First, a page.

In March of 2019, my significant other and I talked about me getting off of hormonal birth control. At the time, I was training for a powerlifting meet, and I felt like I couldn’t make any progress. One day, he sent me a video of a female powerlifter who talked about why hormonal birth control is bad for lifters. Basically, the hormones in the pill, patch or IUD affect the hormones you need to get bigger muscles.
We discussed how this would help me in lifting, and I also told him about how I didn’t feel like myself since starting birth control. Luckily, I had been on and off of the pill for 3-4 years, so it was fresh in my mind of how I was before him and the birth control. We decided that I would get off the pill and we would start using condoms. After a few months of that, we were a little worried about pregnancy, so we looked into other non-hormonal methods for me. That is when we discovered the copper IUD.
I did my research on it, and many people had horror stories about them. Then I found an article that discussed how women with a positive experiences don’t post about it. It defined the percentages of how many actually have side effects and it was much lower than I expected. That month I booked an appointment with Planned Parenthood and got it inserted.
Looking back, it blows my mind that I did so much research into getting my IUD, but did none before getting on birth control. After the fact, I have done more research on it and it freaks me out that they allow women to do that to themselves without teaching them the affects it could have. One of my big concerns was the decline of testosterone in the female body. I could absolutely tell that I had lower testosterone levels, because I was super moody, no motivation or a sex drive. All of these things were not like me and were very concerning. Also, I have a hunch that the amount of people with fertility issues, might be liked to the birth controls people may have been on growing up. I haven’t been able to find too much research to back that up, so who knows.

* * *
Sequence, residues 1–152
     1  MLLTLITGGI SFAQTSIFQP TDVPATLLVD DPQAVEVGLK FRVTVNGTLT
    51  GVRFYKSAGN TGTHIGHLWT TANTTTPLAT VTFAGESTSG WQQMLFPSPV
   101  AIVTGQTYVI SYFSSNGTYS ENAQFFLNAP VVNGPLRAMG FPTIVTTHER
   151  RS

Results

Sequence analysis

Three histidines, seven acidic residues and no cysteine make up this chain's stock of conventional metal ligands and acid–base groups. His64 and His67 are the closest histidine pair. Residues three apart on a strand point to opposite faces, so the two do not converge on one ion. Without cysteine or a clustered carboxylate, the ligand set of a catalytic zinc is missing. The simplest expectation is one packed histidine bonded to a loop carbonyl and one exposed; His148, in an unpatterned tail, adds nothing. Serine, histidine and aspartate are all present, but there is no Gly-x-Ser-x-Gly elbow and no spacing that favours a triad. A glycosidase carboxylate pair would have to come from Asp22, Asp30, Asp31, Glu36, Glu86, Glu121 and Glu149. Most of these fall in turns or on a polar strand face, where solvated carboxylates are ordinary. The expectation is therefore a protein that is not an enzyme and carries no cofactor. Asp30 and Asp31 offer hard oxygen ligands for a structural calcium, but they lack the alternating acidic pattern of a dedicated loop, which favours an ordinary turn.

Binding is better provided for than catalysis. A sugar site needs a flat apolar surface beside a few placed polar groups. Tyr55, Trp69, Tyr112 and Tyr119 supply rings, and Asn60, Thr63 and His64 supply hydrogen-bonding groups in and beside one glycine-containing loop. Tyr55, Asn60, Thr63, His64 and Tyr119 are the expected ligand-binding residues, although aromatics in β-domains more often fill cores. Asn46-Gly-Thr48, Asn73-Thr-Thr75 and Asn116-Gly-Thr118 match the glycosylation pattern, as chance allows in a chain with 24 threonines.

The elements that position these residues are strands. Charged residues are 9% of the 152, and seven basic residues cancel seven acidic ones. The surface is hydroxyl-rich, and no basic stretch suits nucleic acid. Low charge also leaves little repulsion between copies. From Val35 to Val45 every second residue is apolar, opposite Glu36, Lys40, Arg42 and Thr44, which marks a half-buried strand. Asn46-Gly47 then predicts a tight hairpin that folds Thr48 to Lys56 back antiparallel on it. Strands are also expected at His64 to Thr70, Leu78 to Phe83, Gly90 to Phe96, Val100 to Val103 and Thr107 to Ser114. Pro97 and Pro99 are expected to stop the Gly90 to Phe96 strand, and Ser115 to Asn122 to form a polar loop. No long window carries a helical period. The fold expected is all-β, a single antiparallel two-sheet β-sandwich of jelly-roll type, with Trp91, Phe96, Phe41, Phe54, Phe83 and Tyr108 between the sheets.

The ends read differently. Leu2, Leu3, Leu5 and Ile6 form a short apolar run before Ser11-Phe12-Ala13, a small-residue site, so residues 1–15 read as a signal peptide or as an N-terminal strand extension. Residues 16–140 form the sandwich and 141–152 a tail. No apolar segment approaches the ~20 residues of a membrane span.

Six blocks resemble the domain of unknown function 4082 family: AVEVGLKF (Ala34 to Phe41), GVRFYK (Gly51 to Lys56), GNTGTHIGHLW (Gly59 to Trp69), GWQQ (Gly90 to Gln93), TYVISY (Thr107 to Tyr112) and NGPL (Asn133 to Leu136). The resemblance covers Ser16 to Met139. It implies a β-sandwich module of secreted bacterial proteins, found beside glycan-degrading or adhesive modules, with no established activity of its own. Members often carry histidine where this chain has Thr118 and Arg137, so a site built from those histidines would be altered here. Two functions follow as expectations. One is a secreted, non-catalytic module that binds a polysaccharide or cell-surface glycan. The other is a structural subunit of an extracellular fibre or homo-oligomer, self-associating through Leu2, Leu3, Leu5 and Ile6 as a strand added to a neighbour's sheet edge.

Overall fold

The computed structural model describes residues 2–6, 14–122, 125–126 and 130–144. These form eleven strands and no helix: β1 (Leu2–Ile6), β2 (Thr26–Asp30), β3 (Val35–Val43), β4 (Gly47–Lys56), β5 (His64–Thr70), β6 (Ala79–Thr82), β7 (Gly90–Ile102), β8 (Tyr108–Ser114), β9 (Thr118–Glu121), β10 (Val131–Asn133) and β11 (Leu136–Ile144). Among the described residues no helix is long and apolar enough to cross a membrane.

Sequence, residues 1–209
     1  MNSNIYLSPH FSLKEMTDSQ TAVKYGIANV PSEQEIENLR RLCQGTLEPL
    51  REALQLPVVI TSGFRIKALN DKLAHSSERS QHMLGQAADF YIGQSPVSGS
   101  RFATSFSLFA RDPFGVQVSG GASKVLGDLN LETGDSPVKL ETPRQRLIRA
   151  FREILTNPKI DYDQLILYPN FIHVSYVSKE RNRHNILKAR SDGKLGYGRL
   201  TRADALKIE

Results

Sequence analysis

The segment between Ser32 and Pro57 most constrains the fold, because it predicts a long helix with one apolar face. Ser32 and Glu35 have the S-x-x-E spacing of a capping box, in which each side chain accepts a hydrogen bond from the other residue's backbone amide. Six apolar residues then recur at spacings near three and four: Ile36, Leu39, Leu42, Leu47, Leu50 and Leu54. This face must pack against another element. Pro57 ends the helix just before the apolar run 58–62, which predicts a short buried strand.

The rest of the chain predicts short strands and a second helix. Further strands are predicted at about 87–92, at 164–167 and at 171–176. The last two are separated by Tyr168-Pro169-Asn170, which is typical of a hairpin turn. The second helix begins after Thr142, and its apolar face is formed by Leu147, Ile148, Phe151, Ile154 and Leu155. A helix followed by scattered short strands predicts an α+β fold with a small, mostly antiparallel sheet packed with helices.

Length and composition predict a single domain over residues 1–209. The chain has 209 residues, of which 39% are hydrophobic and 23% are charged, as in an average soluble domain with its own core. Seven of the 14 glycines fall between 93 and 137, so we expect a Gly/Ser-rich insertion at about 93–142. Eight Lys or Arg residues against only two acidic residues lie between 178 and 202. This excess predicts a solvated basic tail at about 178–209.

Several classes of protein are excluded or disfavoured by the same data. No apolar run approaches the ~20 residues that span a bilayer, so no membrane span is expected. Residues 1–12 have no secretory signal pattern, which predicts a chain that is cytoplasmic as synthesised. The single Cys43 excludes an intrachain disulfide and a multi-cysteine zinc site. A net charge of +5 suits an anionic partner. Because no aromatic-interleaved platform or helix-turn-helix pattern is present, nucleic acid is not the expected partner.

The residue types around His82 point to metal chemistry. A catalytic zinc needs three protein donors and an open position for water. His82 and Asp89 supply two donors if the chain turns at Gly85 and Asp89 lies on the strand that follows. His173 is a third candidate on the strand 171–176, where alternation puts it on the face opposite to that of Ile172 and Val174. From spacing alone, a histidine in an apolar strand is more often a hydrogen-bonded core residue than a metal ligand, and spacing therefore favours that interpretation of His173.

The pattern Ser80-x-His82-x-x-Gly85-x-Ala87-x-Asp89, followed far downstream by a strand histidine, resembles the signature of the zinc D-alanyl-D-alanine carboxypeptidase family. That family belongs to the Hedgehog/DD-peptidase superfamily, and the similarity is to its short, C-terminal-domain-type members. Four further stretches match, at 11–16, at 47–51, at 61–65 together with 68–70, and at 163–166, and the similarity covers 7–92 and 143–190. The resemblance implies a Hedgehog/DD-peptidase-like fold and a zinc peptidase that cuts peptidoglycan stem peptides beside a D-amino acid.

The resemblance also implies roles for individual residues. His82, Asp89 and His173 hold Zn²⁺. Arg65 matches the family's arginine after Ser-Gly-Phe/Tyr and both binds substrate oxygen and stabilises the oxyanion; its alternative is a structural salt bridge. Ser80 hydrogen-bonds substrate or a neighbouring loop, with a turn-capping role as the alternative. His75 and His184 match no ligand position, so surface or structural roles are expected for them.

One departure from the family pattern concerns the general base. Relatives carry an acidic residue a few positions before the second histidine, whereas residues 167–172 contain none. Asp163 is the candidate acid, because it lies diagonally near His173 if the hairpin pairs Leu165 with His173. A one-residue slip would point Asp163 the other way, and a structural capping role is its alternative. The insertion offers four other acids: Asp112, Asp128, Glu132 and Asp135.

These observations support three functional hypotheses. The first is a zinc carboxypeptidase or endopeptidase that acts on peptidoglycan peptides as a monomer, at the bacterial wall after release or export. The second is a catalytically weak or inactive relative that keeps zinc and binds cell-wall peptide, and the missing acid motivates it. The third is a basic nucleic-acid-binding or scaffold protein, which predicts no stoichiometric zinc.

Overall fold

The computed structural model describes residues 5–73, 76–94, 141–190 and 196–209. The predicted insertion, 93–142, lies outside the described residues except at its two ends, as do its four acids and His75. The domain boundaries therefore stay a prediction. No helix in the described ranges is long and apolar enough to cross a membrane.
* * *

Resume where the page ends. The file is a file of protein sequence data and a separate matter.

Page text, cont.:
During this whole experience it got me thinking that I am so lucky I was able to take this step into the right direction for me. I think more women should try it. It isn’t fair that we have to be the ones who need to alter our bodies to have some kind of birth control, but it’s going to take awhile for men to step up to the plate and do it too (sorry guys). The copper IUD is a good alternative, but I know for some people it may not be the best option. We shouldn’t have to change our bodies chemically just to prevent a baby, and possibly affect who we are as people.
I know there are some women out there that this isn’t possible for. Hormonal birth control is a good way to control acne, or depression, but it was not helping me in either of those realms. Take the plunge and see if something else can work better for you.
One of the main things that I have loved about being off, is that I have control of my emotions. While on hormonal birth control, I would get angry over nothing, cry constantly, worry about everything and I was miserable. I constantly would tell Shaun that I wasn’t the same person and that I disliked who I had become. It took about 6 months to finally control my emotions more. I would say after 2.5 years of being off, I am still noticing some changes that I haven’t seen since before I was on birth control. I was sick of a tiny pill controlling who I was as a person, and I wanted that control back for myself. Honestly, with technology companies are starting to come out with male forms of birth control. I’m hoping that this conversation can change in the next decade and women can stop letting a pill control their lives.